As the PBS show Frontline reported a few years ago, people who live in dental deserts--there were 4,438 of them at last count--are at greater risk of tooth decay and severe health problems. They also spend more money on care, in large part because they often go to a hospital emergency room when pain becomes unbearable. Not only is care provided in the ER expensive, often only the symptoms are treated. The underlying problems are seldom addressed. ER doctors typically write a prescription for pain pills and suggest the patient see a dentist. The problem with that, of course, is that patients who go to the ER when a toothache becomes unbearable would have gone to a dentist in the first place if they could have afforded it or if they could have found a dentist who accepted Medicaid.

Of particular concern to Republican lawmakers is the fact six out of ten dental deserts are in rural communities, and a majority are in states with Republican governors and state legislatures.

The biggest reason people in rural areas find it especially difficult to get the dental care they need is because most dentists set up their practices miles away in prosperous urban and suburban areas. That's understandable when you consider that the average newly minted dentist with student debt leaves school owing between $237,000 and $291,000, according the American Dental Education Association. More than 30 percent of dental school graduates in the class of 2016 reported debt of more than $300,000.

To help ensure their constituents' oral health needs are being met, lawmakers of both parties in several states are considering doing what at least 50 other countries around the world have done: authorize the licensure of dental therapists--similar to nurse practitioners and physician assistants--to practice in dentistry.

A November poll found that 81 percent of Americans favor allowing dental therapists to practice. That support cuts across party lines and regional boundaries. That's not surprising when you consider that 45 percent of those surveyed said cost and access issues kept them from getting needed dental care.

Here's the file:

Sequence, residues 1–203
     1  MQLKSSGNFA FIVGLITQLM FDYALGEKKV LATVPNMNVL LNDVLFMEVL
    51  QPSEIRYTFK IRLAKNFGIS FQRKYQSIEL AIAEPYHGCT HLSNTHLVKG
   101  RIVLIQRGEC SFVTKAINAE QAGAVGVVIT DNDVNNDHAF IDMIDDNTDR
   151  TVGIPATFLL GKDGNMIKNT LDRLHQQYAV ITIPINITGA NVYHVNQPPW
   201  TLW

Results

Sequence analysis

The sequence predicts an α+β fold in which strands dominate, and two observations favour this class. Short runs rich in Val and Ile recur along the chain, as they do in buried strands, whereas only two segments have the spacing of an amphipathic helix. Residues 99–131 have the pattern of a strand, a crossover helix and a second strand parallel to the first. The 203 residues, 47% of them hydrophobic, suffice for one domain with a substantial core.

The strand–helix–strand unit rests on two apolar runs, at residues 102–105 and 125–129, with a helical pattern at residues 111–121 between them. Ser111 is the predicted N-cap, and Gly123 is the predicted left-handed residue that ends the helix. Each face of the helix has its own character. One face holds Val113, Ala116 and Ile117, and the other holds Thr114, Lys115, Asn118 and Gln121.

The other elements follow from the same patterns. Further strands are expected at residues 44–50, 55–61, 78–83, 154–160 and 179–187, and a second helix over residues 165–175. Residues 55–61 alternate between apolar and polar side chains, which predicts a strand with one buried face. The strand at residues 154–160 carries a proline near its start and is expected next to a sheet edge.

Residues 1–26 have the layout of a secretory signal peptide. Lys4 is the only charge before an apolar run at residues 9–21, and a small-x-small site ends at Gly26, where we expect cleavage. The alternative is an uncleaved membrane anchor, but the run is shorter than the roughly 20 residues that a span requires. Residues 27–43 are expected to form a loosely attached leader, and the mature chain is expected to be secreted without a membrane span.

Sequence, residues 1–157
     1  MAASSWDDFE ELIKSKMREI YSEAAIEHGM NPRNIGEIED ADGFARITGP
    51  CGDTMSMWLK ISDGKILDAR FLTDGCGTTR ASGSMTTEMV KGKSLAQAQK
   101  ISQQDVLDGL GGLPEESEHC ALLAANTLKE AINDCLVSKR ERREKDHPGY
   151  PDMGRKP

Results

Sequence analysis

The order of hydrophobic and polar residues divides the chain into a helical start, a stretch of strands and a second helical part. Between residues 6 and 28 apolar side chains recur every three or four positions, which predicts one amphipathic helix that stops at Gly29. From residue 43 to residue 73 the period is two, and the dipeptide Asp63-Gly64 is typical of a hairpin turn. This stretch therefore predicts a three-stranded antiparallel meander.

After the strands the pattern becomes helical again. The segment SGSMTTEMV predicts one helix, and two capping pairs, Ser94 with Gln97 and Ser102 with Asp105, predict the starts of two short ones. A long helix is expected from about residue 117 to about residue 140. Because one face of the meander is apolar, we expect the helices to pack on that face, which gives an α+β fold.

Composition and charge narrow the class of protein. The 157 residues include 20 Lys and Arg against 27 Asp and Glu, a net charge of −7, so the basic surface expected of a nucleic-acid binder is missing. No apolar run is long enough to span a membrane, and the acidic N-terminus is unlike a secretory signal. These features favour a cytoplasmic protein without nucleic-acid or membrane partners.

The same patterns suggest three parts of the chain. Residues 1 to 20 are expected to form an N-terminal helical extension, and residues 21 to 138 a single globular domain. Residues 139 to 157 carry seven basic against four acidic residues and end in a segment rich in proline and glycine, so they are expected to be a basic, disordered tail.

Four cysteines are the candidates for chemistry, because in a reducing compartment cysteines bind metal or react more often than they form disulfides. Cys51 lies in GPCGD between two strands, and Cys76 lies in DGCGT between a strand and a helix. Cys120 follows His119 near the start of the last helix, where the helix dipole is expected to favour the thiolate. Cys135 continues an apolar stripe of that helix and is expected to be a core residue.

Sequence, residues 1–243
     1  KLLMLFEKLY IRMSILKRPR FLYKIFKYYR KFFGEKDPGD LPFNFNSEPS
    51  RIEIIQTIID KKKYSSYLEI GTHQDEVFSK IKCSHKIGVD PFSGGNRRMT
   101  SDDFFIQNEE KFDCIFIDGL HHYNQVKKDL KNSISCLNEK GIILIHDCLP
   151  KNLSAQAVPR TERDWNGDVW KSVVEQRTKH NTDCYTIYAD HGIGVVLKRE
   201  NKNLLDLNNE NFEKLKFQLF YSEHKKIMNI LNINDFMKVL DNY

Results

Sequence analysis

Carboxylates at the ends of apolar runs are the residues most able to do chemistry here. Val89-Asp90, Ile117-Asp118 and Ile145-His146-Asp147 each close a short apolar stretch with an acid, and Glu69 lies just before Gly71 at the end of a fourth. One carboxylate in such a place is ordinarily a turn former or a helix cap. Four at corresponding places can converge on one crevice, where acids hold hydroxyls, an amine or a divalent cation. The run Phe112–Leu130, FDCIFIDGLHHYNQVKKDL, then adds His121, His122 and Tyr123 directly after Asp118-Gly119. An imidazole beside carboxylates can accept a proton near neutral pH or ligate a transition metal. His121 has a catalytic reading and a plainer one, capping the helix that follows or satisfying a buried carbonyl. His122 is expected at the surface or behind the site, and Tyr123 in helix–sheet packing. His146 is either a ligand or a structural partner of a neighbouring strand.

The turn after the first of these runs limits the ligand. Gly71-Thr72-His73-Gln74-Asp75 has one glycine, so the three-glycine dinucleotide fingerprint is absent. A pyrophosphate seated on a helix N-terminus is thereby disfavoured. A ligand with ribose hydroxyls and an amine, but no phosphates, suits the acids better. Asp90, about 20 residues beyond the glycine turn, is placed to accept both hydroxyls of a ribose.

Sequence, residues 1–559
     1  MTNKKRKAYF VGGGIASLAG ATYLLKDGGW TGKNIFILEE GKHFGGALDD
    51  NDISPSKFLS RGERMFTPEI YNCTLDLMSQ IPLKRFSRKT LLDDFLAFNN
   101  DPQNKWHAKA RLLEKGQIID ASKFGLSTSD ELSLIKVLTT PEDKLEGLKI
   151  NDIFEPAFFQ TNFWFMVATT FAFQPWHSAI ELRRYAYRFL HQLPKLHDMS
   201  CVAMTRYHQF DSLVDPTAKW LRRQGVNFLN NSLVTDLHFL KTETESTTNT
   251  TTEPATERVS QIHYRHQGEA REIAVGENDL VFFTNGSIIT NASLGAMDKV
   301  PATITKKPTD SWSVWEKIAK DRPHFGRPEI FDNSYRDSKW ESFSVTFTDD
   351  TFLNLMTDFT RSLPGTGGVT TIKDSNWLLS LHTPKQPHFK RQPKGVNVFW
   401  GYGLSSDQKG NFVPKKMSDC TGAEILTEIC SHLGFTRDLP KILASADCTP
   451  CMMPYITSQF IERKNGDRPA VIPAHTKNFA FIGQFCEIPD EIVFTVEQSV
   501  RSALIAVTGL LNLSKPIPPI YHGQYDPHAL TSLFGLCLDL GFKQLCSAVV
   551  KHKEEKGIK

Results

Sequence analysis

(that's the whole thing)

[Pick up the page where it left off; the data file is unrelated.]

Dental therapists are now practicing in Minnesota and in Native American communities in Alaska and Washington, and they'll soon be able to practice in Maine and Vermont and on tribal communities in Oregon. Several other states, including Kansas, Massachusetts, Michigan, New Mexico, North Dakota and Ohio, could follow suit this year.

Dental therapists, whose scope of practice ranges from education and prevention to fillings and uncomplicated extractions, work as part of a dentist-led team, not as solo practitioners. When they encounter patients with problems beyond what they're licensed to do, they refer them to their supervising dentists. Although they can't set up their own independent practices, they can help reduce the number of dental deserts in the United States, so long as they're able to work remotely under the general supervision of a dentist, as they do in Alaska and most other places. Dental therapists began treating patients in Native Alaskan communities twelve years ago and now serve more than 45,000 patients, many of whom live in some of the most remote places on earth.

Among the champions of dental therapists is Grover Norquist, founder of Americans for Tax Reform (AFTR), the conservative organization that advocates for lower taxes and more limited government. A recent AFTR poll showed overwhelming bipartisan support for dental therapists, as did the November poll mentioned above. State chapters of Americans for Prosperity, another conservative organization, are also on board.

Other conservative organizations could soon join them. Among those who went on a recent site visit to the University of Minnesota School of Dentistry, one of the schools that trains dental therapists, were representatives of the Goldwater Institute, The Charles Koch Institute and the Heartland Institute.

The bipartisan support for dental therapists is real. When bills to allow the licensure of dental therapists are introduced in state legislatures, they typically have support of both Democrats and Republicans.

So why aren't dental therapists practicing in every state? I'll explain why in a future post.